"Why would you go on holiday to Cambodia?"
My first trip leaving England on my own was to Vietnam and Cambodia in March 2020. I still remember the anticipation at Heathrow Airport like it was yesterday: the new cultures, the people, the food, the places etc... this was the biggest thing I'd ever done in my life.
When you tell people one of the first places you are seeing on your travels is Cambodia they seem taken aback, it's as if they are wondering why you would chose to holiday in such a poor country. But there's a big difference between travelling and going on holiday. When you travel you experience very different things to what you would at home, immerse yourself in entirely different cultures, meet people who live a lifestyle hardly comparable to your own... and that's what I wanted. I'd done family beach holidays as a child and as much as I loved them, I was ready to have my eyes opened and my horizons broadened.
My first stop in Cambodia was the capital Phnom Phen, most well know for the S21 Prison and Killing Fields used in the Cambodian Genocide in the 1970s by Pol Pot's Khmer Rouge who aimed to turn Cambodia communist. Between these 2 sites we saw the torture chambers used, blood stained floors, photos of prisoners, victims clothes, and most poignantly the bones and skulls of victims. I was also privileged enough to meet two survivors of the genocide, a moment I will never forget and one in which I had no idea how to engage with the poor victims who had been through unimaginable hell. While this might not be most people's idea of a holiday, I am a firm believer that if you are going to visit a country so steeped in history, you should take some time to learn about it. It certainly wasn't the happiest day of the trip, but it is the day that will stick with me the longest.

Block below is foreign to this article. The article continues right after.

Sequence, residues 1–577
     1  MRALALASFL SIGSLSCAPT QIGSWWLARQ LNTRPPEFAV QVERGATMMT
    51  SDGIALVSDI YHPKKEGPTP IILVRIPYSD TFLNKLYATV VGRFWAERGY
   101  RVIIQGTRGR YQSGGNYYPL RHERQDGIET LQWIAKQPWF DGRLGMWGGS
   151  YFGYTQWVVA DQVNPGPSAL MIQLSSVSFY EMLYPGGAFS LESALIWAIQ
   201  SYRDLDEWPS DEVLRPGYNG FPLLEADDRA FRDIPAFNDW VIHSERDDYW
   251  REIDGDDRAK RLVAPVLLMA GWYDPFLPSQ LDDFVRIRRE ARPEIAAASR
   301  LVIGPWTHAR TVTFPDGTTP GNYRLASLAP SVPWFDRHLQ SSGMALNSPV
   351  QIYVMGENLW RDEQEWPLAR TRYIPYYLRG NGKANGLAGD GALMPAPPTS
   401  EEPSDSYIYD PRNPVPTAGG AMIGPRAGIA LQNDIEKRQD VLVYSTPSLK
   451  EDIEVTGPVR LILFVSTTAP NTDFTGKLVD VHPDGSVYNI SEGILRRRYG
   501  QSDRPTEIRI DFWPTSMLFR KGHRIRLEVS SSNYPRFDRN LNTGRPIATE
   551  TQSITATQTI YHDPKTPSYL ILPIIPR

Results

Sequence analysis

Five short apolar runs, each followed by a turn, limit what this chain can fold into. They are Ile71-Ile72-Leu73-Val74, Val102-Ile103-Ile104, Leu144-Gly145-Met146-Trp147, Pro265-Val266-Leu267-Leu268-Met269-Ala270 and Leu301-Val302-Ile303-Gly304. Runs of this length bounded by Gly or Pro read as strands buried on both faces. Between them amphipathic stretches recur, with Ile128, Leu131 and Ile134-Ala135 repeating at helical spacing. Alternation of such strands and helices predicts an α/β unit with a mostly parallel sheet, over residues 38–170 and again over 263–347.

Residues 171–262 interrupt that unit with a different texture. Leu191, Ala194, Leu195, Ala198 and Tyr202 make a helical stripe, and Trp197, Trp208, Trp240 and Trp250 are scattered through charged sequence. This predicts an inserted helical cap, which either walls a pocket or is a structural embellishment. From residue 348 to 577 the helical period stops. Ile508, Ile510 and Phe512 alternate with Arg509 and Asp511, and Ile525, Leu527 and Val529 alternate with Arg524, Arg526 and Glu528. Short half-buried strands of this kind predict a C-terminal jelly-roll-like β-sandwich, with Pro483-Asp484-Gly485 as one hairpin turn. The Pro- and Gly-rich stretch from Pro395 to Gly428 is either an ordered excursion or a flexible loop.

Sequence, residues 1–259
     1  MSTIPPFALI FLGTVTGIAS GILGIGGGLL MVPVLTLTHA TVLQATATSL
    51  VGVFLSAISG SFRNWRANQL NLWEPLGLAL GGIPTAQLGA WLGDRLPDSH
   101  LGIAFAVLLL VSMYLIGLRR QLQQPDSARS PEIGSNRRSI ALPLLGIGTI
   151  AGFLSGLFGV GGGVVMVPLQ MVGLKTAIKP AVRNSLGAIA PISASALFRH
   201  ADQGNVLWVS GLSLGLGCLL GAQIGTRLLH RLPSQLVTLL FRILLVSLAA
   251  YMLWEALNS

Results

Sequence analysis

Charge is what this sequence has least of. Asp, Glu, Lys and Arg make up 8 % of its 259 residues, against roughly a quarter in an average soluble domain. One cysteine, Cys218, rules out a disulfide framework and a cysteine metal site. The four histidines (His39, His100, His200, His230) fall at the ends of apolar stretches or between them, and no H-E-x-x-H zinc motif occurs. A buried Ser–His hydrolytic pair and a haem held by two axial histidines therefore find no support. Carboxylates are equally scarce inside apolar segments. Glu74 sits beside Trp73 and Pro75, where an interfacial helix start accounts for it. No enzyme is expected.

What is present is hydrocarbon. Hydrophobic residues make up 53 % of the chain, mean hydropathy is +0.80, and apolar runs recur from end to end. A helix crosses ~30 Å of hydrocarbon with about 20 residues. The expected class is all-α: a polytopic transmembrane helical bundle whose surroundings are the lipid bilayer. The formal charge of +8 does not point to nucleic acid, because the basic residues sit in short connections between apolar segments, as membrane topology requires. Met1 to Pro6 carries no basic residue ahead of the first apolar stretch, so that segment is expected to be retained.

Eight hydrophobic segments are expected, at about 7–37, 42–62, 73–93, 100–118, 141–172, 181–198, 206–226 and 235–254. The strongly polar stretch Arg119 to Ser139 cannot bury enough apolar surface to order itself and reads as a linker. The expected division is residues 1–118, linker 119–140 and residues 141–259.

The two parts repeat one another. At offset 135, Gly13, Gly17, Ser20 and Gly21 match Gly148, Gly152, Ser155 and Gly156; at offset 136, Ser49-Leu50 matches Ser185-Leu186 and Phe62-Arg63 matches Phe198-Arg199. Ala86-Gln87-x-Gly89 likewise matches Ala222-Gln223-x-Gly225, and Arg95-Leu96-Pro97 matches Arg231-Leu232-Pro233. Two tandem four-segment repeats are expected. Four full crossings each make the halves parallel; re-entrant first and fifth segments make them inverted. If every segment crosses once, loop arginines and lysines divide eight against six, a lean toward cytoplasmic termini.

The next destination of note in Cambodia was Koh Rong Island. This stunning island is very popular with tourists and offers great quirky accommodation, I stayed in some beach bungalows overlooking the sea! So yeah this was the 'luxury' part, the point where you actually felt like you were on holiday: sun, sea, bikinis, cocktails etc. We took a day trip over to another island Koh Rong Sanloem and once our tummies had settled from the incredibly choppy boat ride over, we enjoyed some down time on the island before watching the beautiful sunset. It was at this point we were made aware of just how bad the pandemic was becoming but tucked away on a little Cambodian island, all the hysteria seemed so far away, almost unreal, so we simply enjoyed the rest of the beautiful islands and the only thing we hoped for was that Angkor Wat was not going to close to tourists before we were due to get there a few days later! So for anyone who thinks you're crazy for going to Cambodia, they might just change their minds when they see Koh Rong!